A more extensive description and evaluation of Wi-Fi IEEE 802.11ah can be found in References [39-43]. Capillary Networks

Short-range radio technologies provide the ability to build out connectivity efficiently to devices within a specific local area. Typically, these local—or capillary—networks need to be connected to the edge of a wide area communication infrastructure so that they have the ability, for example, to reach service functions that are hosted somewhere on the Internet or in a service cloud.

A capillary network needs a backhaul connection, which can be well provided by a cellular network. Their ubiquitous coverage allows backhaul connectivity to be provided practically anywhere, simply and, more significantly, without additional installation of network equipment. Furthermore, a capillary network might be on the move, as is the case for monitoring goods in transit, and therefore cellular networks are a natural solution. To connect a capillary network through a cellular network, a gateway is used between the cellular network and the capillary network, which acts just like any other cellular device towards the cellular network.

click for larger image

FIGURE 9.6 Capillary networks.

Figure 9.6 illustrates an architecture, which comprises three domains: the capillary connectivity domain, the wide-area connectivity domain, and the data domain. The capillary connectivity domain spans the nodes that provide connectivity in the capillary network, and the wide-area connectivity domain spans the nodes of the cellular network. The data domain spans the nodes that provide data processing functionality for a desired service. These nodes are primarily the connected devices themselves as they generate and use service data through an intermediate node, such as a capillary gateway. The capillary gateway would also be included in the data domain if it provides data processing functionality (for example, if it acts as a CoAP mirror server).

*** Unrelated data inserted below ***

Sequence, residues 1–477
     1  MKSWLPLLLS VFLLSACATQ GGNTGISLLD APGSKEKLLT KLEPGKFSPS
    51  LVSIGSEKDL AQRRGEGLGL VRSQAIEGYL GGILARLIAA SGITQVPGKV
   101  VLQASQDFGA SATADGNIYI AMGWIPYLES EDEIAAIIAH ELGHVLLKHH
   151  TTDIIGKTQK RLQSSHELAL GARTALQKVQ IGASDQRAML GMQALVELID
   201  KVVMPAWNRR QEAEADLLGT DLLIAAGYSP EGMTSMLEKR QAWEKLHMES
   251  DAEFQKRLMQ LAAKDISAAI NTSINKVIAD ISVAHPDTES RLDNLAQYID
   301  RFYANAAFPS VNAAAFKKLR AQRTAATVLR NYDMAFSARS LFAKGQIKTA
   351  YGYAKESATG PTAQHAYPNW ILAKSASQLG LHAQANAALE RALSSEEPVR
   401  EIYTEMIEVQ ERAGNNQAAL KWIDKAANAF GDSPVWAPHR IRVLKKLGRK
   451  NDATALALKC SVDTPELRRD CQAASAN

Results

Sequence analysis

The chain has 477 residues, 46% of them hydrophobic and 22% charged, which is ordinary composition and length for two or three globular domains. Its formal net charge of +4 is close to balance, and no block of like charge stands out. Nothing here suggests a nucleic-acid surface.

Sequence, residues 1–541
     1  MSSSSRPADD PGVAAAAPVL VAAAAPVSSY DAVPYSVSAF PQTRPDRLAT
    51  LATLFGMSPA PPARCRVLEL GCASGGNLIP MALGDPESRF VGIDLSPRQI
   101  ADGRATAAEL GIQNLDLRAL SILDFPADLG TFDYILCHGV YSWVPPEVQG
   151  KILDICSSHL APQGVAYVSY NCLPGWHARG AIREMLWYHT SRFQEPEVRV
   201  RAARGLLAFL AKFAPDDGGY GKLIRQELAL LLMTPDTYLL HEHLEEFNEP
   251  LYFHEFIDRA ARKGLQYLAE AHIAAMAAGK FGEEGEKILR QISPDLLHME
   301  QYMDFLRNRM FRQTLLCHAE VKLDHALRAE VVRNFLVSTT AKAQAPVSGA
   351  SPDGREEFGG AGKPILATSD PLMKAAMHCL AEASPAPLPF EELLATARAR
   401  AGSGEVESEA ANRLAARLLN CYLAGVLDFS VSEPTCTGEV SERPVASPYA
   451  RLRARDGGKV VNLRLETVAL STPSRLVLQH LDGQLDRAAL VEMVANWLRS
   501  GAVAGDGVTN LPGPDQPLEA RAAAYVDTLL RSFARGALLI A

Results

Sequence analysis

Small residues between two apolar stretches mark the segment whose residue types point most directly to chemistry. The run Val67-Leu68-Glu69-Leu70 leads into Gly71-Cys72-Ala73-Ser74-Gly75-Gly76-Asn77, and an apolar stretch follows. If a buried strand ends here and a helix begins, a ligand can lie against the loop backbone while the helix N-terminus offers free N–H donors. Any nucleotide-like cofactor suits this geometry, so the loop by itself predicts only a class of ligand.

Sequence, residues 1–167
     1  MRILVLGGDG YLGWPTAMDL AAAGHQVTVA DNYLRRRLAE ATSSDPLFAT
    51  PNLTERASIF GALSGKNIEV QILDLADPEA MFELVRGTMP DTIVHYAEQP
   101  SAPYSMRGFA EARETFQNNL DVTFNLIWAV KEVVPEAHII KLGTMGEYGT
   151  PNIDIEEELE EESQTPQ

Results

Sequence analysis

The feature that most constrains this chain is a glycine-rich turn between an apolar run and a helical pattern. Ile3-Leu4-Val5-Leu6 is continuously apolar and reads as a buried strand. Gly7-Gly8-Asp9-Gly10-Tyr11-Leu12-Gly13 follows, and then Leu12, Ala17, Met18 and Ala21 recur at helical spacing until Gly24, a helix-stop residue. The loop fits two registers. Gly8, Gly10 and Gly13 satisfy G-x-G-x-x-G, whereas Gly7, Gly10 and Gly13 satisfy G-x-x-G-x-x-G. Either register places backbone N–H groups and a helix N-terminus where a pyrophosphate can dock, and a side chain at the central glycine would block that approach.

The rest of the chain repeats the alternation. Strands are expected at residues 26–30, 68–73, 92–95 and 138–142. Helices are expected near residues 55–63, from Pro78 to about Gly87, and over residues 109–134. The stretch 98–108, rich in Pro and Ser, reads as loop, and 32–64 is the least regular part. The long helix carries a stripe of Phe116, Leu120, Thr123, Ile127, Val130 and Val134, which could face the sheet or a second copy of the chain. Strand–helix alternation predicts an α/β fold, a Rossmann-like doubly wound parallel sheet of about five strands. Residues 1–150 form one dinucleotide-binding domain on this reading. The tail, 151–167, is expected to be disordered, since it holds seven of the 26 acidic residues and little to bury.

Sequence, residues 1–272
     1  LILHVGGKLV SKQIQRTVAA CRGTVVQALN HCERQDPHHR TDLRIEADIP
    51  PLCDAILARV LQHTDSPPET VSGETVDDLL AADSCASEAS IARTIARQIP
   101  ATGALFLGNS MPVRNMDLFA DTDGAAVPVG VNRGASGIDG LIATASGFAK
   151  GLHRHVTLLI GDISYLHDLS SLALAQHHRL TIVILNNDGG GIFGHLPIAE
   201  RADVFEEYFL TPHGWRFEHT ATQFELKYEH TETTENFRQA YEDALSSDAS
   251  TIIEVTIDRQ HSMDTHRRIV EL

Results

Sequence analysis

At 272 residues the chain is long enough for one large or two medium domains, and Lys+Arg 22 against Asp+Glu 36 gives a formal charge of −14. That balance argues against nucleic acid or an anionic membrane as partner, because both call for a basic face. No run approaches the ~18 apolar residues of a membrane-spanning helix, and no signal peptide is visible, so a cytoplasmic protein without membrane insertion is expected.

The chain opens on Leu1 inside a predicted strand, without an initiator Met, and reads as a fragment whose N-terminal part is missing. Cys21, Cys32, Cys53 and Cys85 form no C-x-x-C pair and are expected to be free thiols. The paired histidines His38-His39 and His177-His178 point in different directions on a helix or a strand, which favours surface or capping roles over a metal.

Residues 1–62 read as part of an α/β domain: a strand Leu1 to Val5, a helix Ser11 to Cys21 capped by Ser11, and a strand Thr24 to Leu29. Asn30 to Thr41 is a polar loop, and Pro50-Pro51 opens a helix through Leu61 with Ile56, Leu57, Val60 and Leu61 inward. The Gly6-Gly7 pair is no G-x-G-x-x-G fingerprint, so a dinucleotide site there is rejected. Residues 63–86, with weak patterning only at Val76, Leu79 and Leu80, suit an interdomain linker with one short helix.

All three domains are separate from a security perspective, and end-to-end security can be provided by linking security relationships in the different domains to one another.

The ownership roles and business scenarios for each domain may differ from case to case. For example, to monitor the in-building sensors of a real estate company, a cellular operator might operate a wide-area network and own and manage the capillary network that provides connectivity to the sensors. The same operator may also own and manage the services provided by the data domain and, if so, would be in control of all three domains.

Alternatively, the real estate company might own the capillary network, and partner with an operator for connectivity and provision of the data domain. Or the real estate company might own and manage both the capillary network and the data domain with the operator providing connectivity only.

In all these scenarios, different service agreements are needed to cover the interfaces between the domains specifying what functionality will be provided.

In large-scale deployments, some devices will connect through a capillary gateway, while others will connect directly. Regardless of how connectivity is provided, the bootstrapping and management mechanisms used should be homogenic to reduce implementation complexity and improve usability.

A more extensive discussion of IoT connectivity via capillary networks can be found in Reference [44].

The next installment addresses long-range radio solutions.

Reprinted with permission from Elsevier/Academic Press, Copyright © 2017

Leave a Reply

This site uses Akismet to reduce spam. Learn how your comment data is processed.